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## First confirmation of cosmic inflation

To most of us, inflation is a nasty thing which sees the money in our pocket being worth less as prices go up. It’s a bad thing! But, in cosmology, a theory called cosmic inflation explains very neatly several key properties of the Universe. The theory of cosmic inflation was first suggested by Alan Guth in 1980, and yesterday (Monday the 17th of March 2014) a team led by John Kovak of Harvard University announced the first direct evidence that cosmic inflation did actually happen. There is also a Cardiff University involvement in this project.

The story on the confirmation of cosmic inflation as it appeared on the BBC science website.

## What is cosmic inflation?

In 1980, particle physicist Alan Guth was pondering some of the observed properties of the Universe, and he came up with the idea of cosmic inflation. The observed properties he was hoping to explain with his theory were

• the “Horizon problem”
• the “Flatness problem”
• the “Magnetic-monopole problem”

## The Horizon problem

When the cosmic microwave background radiation (CMBR) (the prediction of which I blogged about here) was discovered in 1964 it was recognised that it was most probably the “echo” of the Big Bang. By 1967 Bruce Partridge and David Wilkinson of Princeton University showed that the CMBR was the same from all parts of the sky down to a level of 0.1% of its 3 Kelvin temperature.

It was realised soon after this that this presented a problem, the so called “horizon problem”. It is actually perplexing that different parts of the sky should have the same CMBR temperature because when we look in different parts of the sky we are looking at parts of space which have not had the time to be in contact with each other in any way; they are simply too far apart. Therefore, a patch of sky in one direction with a particular CMBR temperature should have no knowledge of the CMBR temperature of a patch of sky in a different direction.

This is a little bit like switching on a heater in the centre of a large room. Everyone knows that it will take time for the whole room to come to the same temperature, and if the room were really really big you would not expect the corners which are far away from the heater to have the same temperature as the centre of the room next to the heater after just a few minutes. The heat just hasn’t had enough time to spread throughout the room. So, if you found that the whole room was at the same temperature, even though the heat hadn’t had enough time to spread throughout the room, it would be a bit of a puzzle. That is, in essence, the “horizon problem”.

## The flatness problem

Einstein showed in his theory of gravity, the General Theory of Relativity, that gravity causes space to bend. A Universe with lots of matter in it will have a different geometry (shape) to a Universe with less matter in it. The so-called “critical density” of the Universe would be a density that would give it a flat geometry. It was realised since the 1960s that the density of the Universe seemed to be very close to the critical density. Why should this be, when it could have any value. It could be much much more or much much less? If you do the mathematics, for the density to be within about a factor of two of the critical density today means it had to have been incredibly close to the critical density in the earliest moments of the Universe. Close to about one part in $10^{60}$!! This is the “flatness problem”.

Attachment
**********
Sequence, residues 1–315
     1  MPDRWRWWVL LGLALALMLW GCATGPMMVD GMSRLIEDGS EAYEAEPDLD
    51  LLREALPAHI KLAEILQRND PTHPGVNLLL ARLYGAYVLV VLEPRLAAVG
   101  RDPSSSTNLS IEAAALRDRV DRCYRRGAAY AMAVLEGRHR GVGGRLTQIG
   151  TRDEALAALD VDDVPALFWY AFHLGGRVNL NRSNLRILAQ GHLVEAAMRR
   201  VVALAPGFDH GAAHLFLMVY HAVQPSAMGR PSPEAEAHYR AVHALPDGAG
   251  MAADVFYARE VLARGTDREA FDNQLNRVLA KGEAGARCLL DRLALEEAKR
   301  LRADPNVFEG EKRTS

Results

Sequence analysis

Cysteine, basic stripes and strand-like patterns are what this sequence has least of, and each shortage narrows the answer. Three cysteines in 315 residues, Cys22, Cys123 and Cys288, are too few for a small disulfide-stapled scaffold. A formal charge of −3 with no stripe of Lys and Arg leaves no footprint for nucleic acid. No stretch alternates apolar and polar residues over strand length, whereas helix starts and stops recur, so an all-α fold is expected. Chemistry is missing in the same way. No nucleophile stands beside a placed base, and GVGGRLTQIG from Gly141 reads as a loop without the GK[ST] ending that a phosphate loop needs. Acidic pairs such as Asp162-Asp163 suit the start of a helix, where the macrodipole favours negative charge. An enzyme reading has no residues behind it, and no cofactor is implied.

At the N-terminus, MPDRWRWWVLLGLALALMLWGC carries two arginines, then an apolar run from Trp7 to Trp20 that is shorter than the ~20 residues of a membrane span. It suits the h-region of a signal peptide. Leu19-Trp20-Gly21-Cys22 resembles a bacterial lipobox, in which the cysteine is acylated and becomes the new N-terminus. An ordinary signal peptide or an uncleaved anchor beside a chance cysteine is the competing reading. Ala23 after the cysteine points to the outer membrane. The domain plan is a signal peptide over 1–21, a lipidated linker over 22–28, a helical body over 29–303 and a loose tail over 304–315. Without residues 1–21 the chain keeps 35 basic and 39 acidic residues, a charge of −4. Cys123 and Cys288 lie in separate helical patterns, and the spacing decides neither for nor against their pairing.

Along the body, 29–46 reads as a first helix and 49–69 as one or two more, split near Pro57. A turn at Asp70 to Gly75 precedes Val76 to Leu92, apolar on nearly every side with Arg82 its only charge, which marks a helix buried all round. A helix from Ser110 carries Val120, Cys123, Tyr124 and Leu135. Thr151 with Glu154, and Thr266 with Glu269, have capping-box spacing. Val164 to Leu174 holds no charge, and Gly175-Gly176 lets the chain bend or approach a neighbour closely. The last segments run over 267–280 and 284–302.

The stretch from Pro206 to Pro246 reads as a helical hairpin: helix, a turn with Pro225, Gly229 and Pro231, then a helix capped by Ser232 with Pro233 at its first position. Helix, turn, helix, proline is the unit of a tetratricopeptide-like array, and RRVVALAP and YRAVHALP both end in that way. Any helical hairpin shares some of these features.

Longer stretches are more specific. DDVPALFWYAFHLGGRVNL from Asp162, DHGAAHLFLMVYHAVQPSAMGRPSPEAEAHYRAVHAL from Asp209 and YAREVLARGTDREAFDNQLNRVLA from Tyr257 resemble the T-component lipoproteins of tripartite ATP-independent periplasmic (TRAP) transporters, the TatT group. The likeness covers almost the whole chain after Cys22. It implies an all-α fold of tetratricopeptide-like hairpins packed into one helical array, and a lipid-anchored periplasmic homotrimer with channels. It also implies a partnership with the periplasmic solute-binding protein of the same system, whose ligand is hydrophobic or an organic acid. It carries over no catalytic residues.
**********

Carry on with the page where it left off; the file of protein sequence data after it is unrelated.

## The magnetic monopole problem

In electricity, we are all familiar with positive and negative charges. James Clerk Maxwell showed in the mid 1800s that electricity and magnetism are part of the same force, electromagnetism. And yet, you never find a magnetic monopole, you always find magnetic poles come in pairs, they always have both a north and south pole. Theoretically there is no reason why one shouldn’t find just e.g. a north pole on its own, without a south pole. This is the “magnetic monopole problem”.

## What is cosmic inflation?

Alan Guth’s idea of cosmic inflation suggested that when the Universe was incredibly young, some $10^{-36}$ seconds old, it went through a brief period of very rapid expansion. This period ended when the Universe was about $10^{-33} \text{ or } 10^{-32}$ seconds old, but in this incredibly brief period Guth argued that the Universe grew from being much smaller than a proton to something about the size of a marble. After this brief period of very rapid expansion (inflation), the expansion of the Universe settled down to the more sedate rate of expansion that we see today.

## How does cosmic inflation solve these three problems?

The horizon problem is solved by inflation because the very rapid expansion which inflation proposes would allow parts of the Universe which are now too far apart to have ever communicated with each other to have been close enough together before inflation. So, going back to my analogy with the room being heated, it is as if the room started off really small, so small that all parts of it could come to the same temperature, then it suddenly expanded so that the room we are now looking at is much much bigger.

The flatness problem is solved by cosmic inflation by drawing the analogy between the geometry of the Universe and a curved surface. If a curved surface is large enough, then on a local scale it is always going to look flat. An easy analogy to understand this is the surface of our Earth. We all know it is spherical, but on a local scale it appears flat. If the Universe underwent a period of cosmic inflation, then we are seeing such a small part of it that the small part we see is always going to appear flat, no matter what the overall geometry.